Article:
When a Houston patient goes to the doctor, they assume that their doctor will listen to their concerns and understand how to best treat them. Most of the time this is the case, but for certain populations, like the deaf community, good medical care may sometimes be hard to find. Many times, deaf and hearing-impaired patients do not have adequate translating services available to them which may lead to their doctor's failure to diagnose a medical condition.
There are many deaf people in our community, and just like hearing people, they need good medical care. But what is often the case is that the care they receive can be inadequate. Many deaf patients have to struggle to communicate with their medical providers. Many medical centers do not have adequate interpreter services. The National Association of the Deaf has stated that hospitals, doctor's offices and medical centers are the worst in failing to provide effective communications to deaf and hard of hearing individuals. Many times deaf and hard of hearing people are forced to communicate with their medical provider by reading lips or writing notes back and forth. In addition, those who are deaf and hard of hearing are nearly three times more likely to be in fair or poor health.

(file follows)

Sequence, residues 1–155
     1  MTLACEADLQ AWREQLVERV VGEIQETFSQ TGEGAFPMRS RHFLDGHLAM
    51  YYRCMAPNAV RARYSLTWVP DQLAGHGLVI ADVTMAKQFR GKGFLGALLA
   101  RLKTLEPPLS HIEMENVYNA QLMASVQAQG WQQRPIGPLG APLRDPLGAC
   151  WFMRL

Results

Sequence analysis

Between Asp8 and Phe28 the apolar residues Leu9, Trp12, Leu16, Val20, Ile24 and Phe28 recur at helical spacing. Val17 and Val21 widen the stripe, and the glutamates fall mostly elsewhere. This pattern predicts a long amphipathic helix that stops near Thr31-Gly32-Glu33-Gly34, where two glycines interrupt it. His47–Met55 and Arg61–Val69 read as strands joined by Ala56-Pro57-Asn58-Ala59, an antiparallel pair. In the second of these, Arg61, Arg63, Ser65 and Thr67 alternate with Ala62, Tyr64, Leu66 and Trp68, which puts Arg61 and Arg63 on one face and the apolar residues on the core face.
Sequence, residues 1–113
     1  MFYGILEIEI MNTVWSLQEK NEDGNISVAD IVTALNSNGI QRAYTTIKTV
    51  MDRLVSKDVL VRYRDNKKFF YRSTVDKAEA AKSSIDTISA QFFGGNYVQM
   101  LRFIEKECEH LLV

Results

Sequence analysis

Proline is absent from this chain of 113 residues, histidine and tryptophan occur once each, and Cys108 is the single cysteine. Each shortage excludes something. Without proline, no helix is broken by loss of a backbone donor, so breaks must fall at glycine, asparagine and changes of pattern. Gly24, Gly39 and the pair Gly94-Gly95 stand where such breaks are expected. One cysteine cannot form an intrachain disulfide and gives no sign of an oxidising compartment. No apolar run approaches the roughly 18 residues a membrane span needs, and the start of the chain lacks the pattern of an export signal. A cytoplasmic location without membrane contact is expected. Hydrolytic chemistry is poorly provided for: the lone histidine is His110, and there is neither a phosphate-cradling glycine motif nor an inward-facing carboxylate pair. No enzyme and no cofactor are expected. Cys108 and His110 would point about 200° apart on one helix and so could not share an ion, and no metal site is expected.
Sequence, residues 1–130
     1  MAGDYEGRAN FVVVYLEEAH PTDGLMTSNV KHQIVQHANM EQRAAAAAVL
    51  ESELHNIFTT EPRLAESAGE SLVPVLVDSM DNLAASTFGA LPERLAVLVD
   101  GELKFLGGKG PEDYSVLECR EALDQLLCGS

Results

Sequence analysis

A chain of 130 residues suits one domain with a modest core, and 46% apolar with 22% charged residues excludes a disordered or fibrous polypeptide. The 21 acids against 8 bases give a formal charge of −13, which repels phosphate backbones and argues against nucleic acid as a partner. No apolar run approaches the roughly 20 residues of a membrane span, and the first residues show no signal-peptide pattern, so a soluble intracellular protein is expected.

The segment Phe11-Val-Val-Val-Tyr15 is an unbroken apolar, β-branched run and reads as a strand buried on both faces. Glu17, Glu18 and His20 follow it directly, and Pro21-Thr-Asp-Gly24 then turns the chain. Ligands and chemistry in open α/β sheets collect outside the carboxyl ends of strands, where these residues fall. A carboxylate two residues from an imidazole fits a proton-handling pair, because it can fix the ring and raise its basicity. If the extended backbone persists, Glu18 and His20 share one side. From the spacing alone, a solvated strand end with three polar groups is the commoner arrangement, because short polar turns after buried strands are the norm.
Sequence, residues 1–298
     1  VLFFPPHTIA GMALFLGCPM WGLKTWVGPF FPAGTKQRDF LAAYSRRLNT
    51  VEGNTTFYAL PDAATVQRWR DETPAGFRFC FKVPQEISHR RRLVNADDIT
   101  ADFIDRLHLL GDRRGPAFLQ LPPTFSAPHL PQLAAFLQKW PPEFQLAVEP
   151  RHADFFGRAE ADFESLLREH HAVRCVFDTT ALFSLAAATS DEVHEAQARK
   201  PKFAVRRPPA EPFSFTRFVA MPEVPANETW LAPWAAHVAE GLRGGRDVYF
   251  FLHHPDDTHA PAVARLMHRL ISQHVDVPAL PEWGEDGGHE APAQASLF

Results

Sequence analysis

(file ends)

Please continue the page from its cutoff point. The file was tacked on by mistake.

Federal guidelines say that writing notes and using family members to interpret are among the least effective ways to communicate with deaf and hard of hearing people. It is recommended that medical centers have interpreters and make use of technology including linking a person to an off-site interpreter via a computer. When there isn't clear communication in health care settings, there may be an increased risk of misdiagnosis or delayed medical treatment.
All patients deserve the best medical care. When a patient is not diagnosed correctly or a symptom is missed, it can lead to a patient's worsened condition. If a family believes their loved one was injured by a negligent medical professional, they may want to speak with a legal professional.
Source: sacbee.com, "Deaf people encounter troubles with medical care," Claudia Buck, July 11, 2016